2. Stick blender: I think I overwork my stick blenders a bit because I’ve already gone through several since living on my own, but they’re so convenient! I use mine for soups and sauces but also for thicker things like pesto and smoothies and spreads – in that case, I do try to make sure that the ingredients are small enough and that there’s enough liquid.

3. Sturdy wooden spoon: Should I call this a spatula or a spoon? In any case, I use it for stirring. When I make bread, I always try to stir the dough for as long as possible before I start kneading. This seems to help to make the dough reasonably firm so it doesn’t stick to your hands as much. This method does require a very strong spoon. This beautiful olive-wood spatula was given to me by a friend when she returned from a holiday on Samos and I use it a few times a week.

4. Thin spatula: I like to use plastic spatulas because all my frying pans have surfaces that would get damaged by metal (non-stick coatings and enamelled cast iron). This one (also from Ikea) is thin and flexible, so it’s perfect for flipping pancakes and burgers (which otherwise have a tendency to fall apart on me). If I could only have one spatula, it would be this one.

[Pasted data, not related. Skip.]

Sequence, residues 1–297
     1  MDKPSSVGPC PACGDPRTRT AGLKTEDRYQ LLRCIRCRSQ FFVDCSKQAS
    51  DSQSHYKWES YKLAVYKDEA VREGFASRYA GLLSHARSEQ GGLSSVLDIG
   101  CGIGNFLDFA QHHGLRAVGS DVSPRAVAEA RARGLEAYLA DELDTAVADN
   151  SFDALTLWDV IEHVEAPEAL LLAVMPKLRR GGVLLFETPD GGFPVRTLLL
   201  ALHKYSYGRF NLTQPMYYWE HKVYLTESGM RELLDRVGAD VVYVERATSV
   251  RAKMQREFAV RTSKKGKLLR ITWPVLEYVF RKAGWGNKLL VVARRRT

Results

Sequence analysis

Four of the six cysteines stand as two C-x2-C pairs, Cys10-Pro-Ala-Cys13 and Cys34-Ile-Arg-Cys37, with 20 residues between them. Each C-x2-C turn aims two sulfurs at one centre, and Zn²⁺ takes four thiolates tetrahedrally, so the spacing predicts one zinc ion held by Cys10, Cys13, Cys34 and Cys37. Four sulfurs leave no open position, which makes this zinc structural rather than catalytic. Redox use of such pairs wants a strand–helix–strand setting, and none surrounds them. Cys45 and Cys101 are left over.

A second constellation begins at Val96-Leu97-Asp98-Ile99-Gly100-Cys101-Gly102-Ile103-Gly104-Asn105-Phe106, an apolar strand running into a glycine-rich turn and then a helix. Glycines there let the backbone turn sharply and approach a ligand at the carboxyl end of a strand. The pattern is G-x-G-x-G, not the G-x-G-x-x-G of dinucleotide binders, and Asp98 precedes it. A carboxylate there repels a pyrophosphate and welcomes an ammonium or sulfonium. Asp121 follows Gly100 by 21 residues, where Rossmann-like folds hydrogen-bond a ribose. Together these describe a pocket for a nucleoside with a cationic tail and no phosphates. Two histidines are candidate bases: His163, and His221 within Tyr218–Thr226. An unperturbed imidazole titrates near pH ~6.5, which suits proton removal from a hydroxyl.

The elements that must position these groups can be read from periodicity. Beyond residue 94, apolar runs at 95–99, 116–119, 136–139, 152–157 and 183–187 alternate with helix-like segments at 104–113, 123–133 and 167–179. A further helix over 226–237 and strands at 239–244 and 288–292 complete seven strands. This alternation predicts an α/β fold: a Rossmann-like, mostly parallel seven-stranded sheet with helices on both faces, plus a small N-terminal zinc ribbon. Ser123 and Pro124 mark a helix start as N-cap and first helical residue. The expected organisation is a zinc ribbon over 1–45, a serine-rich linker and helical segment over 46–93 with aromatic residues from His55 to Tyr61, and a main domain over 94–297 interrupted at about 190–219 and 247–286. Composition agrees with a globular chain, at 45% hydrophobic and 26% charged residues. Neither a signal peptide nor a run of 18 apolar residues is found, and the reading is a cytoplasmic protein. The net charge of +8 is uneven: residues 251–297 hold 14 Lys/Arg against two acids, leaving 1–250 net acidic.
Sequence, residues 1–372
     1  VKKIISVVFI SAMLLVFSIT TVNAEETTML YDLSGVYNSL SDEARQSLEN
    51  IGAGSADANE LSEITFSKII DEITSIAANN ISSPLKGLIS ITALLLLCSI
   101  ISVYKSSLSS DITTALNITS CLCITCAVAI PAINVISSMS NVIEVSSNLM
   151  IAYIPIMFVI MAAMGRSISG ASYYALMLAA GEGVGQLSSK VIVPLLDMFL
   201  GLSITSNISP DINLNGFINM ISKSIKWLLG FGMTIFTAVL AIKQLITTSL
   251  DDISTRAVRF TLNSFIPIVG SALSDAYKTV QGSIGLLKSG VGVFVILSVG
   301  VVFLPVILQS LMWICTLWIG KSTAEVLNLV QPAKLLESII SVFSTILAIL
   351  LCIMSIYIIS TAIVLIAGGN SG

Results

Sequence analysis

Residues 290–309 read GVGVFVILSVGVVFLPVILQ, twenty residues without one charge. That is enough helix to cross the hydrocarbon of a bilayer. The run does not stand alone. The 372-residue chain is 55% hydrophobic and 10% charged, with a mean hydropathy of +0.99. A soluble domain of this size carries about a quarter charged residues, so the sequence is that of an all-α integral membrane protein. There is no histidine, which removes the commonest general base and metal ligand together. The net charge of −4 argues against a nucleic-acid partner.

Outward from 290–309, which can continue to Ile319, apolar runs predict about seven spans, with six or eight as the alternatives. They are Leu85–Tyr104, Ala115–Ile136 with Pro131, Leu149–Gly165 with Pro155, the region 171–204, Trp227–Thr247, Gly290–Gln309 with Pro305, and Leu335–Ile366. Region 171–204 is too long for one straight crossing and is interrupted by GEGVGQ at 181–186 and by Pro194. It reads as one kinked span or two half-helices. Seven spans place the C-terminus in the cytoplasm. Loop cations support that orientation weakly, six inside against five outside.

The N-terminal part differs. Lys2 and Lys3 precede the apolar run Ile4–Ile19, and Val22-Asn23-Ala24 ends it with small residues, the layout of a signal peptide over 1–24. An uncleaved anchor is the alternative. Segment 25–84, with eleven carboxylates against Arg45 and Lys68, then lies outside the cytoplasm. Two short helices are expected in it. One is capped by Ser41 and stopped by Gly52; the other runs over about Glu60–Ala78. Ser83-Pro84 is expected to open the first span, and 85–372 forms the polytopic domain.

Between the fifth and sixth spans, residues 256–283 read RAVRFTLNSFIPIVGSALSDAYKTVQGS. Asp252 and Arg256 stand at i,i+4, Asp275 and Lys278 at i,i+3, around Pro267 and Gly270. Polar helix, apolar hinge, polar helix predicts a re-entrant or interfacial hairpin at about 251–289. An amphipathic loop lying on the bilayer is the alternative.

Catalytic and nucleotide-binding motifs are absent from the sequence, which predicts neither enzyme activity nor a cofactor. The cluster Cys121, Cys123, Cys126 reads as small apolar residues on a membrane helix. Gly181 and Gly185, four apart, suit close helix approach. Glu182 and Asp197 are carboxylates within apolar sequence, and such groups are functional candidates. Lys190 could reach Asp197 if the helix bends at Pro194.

5. Empty applesauce jars: My kitchen is full of these glass jars that I rinse and reuse again and again. Why applesauce jars? Well, a thick layer of applesauce used to be the only thing that would get my boyfriend to eat his vegetables. Nowadays we don’t eat it as often, but we’ve still gone through quite a few jars over the years. I also like that they’re easy to clean and they’re a good size for things like dried pasta, legumes, grains – anything, really. I have larger jars with hinged lids to store certain specific ingredients (like big bags of rice), but I like reusing applesauce jars as a cheap alternative.

6. Wooden countertop: This is actually a separate wooden board that I lay down or remove depending on how much space I need. My parents gave it to me after using the same wood for their own kitchen and I use it almost every day. I usually put it on top of the washing machine so it functions as an extra working surface. My other counters are metal and hard to clean properly, so I prefer this board for things like kneading and rolling out dough (and for taking pictures!).

Quinoa salad with za’atar tofu and aubergine

(Nederlandstalige versie)

Quinoa salad